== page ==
The Brown Mountain Ghostly Lights: Weird Appalachia Cases

One of the most intriguing mysteries of the mountains is the ghostly lights that can be seen in several places.

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The Lincoln times. Lincolnton, N.C., 28 April 1955.
The Lincoln times. Lincolnton, N.C., 28 April 1955.

One of the most intriguing mysteries of the mountains is the ghostly lights that can be seen in several places. They are called by many names such as will-o-wisps, ghost lanterns, and spirit balls. The Appalachian Mountains have always been described as “dark and mysterious” or described as the “dark and bloody ground” because of the many legends and myths that have found fertile ground in the imagination of its people.

The Brown Mountain area is located near the towns of Linville and Morganton, in Burke County, North Carolina. The best views are off of NC-105 S or the NC-181 located near Asheville or Boone, North Carolina. The most likely time to see the ghostly lights is during the cool, and crisp, fall evenings just after a rainfall.

As with all of the mountain ghostly light sightings, there is always a great legend as to why they appear. The majority of them have to do with a Civil War or a Native American battle. The legends of the Brown Mountain Ghostly Lights have changed over time and even caused panic in the early 1900s. Come along with us as we dive through the legend that is the Brown Mountain Ghostly Lights.

Description of the Ghostly Lights

The Brown Mountain Ghostly Lights Marion progress. Marion, N.C., 04 Aug. 1932.
The Brown Mountain Ghostly Lights. Marion progress. Marion, N.C., 04 Aug. 1932.

Often the ghostly lights in the Brown Mountain area are described as orbs and come in many colors. The colors of the orbs can vary from blue, white, yellow, orange, or red. They have been described as large balls of fire to small candlelights floating in the air. Cameras have captured them floating still and some of them have been seen dancing in the air before disappearing into the night just as quickly as they first appear.

They hover about 15 feet off of the ground. And several of them can be seen in the tree line in the tourist videos and photographs. But they do not float up into the atmosphere or roll on the ground itself.

The Cheorkee and Catawba Legend

Native American Catawba 1908.   The location, time, and photographer are currently unknown.
Native American Catawba 1908. The location, time, and photographer are currently unknown.

According to several sources, there were two Native American tribes, the Cherokee and Catawba. There was a fierce battle that happened between the two Tribes that was devastating to both sides. After the fighting was over there were many injured and dead men laying all over the area.

In the evening hours, just before dark fell, the Catawba women would light torches, and through the dimly lit paths search among the injured and dead to find their loved ones. Husbands, brothers, sons, and fathers were all involved in the conflict. It is said that to this day the Catawba women are still searching throughout the nights to find the men of their Tribes to help bury and mourn them.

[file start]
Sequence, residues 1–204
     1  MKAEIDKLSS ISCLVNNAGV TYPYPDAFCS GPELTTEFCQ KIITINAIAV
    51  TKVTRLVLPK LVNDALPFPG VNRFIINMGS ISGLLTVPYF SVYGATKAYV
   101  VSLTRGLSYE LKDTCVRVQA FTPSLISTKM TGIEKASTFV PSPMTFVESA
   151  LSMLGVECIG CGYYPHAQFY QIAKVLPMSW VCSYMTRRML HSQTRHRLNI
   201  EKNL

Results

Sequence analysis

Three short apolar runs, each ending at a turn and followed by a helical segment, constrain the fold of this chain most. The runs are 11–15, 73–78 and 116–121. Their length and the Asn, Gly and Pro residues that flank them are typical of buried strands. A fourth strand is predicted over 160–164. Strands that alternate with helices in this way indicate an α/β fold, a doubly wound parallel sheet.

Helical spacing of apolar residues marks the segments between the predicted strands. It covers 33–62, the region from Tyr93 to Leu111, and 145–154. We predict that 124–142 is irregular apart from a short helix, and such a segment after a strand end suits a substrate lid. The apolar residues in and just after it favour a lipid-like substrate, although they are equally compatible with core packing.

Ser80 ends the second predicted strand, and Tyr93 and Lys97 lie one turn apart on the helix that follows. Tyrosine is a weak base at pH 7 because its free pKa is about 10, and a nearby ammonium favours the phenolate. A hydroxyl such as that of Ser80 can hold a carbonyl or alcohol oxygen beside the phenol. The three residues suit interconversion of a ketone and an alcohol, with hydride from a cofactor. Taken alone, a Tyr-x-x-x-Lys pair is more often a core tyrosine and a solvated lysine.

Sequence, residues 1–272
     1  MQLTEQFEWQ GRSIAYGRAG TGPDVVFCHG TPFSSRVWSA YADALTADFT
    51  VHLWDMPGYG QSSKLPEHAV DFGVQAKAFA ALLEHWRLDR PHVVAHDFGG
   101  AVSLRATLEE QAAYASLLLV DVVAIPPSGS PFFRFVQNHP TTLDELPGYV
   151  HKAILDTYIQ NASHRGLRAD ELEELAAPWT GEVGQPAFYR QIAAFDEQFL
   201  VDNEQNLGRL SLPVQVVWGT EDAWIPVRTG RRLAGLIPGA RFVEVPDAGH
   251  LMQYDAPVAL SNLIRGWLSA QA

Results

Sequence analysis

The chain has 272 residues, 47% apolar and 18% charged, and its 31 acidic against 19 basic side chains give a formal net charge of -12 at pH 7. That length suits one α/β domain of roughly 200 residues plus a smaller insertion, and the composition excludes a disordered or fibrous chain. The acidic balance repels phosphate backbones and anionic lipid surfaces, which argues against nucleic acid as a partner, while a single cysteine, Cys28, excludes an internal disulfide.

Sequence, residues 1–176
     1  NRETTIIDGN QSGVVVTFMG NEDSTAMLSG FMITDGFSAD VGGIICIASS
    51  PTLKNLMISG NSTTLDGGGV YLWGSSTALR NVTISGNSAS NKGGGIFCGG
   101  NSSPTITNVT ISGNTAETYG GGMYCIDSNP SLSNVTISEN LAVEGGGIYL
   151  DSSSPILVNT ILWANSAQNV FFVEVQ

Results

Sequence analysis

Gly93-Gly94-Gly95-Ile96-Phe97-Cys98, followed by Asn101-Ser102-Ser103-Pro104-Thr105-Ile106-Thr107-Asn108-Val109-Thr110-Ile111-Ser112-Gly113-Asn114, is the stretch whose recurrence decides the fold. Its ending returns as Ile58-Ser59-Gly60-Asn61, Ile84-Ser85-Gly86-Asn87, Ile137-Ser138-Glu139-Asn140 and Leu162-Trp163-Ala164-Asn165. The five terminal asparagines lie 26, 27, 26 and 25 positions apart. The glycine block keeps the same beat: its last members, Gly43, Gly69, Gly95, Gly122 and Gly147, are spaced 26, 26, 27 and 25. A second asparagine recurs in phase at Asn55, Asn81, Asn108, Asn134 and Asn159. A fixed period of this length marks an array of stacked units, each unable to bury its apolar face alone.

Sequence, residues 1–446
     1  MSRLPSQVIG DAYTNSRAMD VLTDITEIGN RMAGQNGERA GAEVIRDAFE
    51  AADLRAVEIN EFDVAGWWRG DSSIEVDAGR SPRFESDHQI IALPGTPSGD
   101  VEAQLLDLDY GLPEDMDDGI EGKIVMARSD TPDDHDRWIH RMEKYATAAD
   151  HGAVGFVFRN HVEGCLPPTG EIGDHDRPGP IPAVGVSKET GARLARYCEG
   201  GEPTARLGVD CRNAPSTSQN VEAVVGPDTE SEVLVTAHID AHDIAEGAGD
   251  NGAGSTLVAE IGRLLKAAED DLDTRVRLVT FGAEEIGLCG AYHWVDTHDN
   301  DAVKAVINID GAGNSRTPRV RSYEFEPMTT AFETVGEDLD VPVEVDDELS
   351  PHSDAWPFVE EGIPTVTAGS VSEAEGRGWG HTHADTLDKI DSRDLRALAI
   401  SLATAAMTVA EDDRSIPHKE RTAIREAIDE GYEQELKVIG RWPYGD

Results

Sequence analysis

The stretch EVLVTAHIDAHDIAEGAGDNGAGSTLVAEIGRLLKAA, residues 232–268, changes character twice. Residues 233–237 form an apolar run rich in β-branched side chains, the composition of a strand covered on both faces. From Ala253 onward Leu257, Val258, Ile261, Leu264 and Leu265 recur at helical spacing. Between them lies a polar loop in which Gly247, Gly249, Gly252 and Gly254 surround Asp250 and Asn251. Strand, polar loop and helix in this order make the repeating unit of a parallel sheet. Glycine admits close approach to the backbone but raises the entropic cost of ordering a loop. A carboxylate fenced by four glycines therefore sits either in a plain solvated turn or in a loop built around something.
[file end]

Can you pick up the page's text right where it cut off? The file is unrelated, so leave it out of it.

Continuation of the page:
It is claimed that this story can be found in the Asheville Citizen in 1938, however, we could not find the article in our searches. There were no sources listed in the article or where they got the story from. Historians of Native American Culture have stated that this is a made-up legend to justify what everyone is seeing in the mountains. However, this legend still remains to this day as it is repeated on many websites.

First Recorded Sighting

King George III
King George III

German engineer John William Gerard de Brahm first recorded the sightings of the ghostly lights in his journal in 1771.

Brahm was a very well-known map maker and surveyor of the southern states during that time period. And is credited for being the engineer for the construction of Fort Loudoun in Tennessee, and making the plans for the New Bermuda settlement in Florida.

He reported to King George III that the lights were seen at the same time every evening. Because the lights were seen at the same time every evening in this location, this has led to skepticism from many who have read his journal.

Many of his skeptics came to believe over the years that he was seeing the lights from a train as they had tracks and several trains to run in the area during that time frame. There are other skeptics who claim that the writings about the Brown Mountain ghostly lights were nothing more than Brahm having an active imagination and there are claims that his journal is often misquoted.

Link to Jules Vern That Led to Panic

Jules Verne's 1906 novel "Master of the World" modern book cover.
Jules Verne’s 1906 novel “Master of the World” modern book cover.

Jules Verne’s 1906 novel “Master of the World” was first published in English in 1911. One of the plots of the novel is of a mad scientist using a lair in Table Rock, near Morgantown, North Carolina. The proximity of the location in the novel stirred the people’s imagination.

The gist of the novel tells of strange orbs of light moving with great speed across the night sky of the Appalachian skies in the Summer of 1903. A detective by the name of John Strock, who is the narrator of the story, speaks about his adventure and investigation into the mystery. Along the way, he discovers an inventor and scientist by the name of Robur.

Robur had invented the machine he called the “terror”. This was a vehicle that was approximately 33 feet long and was capable of running at speeds of 150 mph on land and 200 mph when flying in the air. This was unheard of speed in the early 1900s.

In the story, Strock tries to capture Robur and his Terror but is instead captured himself. Robur runs into a terrible storm while trying to escape to the Caribbean where the vehicle is destroyed and Robur is not heard from again.

Added to the vivid imaginations of this publication was the fact that Linville was getting electricity from the years 1890 through 1910 and panic soon ensued. As the alarm went through the community the government started sending people from the United States Geological Survey or USGS to help to explain the strange phenomenon.

The Government gets involved

USA government sends scientists to explain the Brown Mountain Ghostly Lights.  The Washington times. Washington [D.C.], 19 May 1922.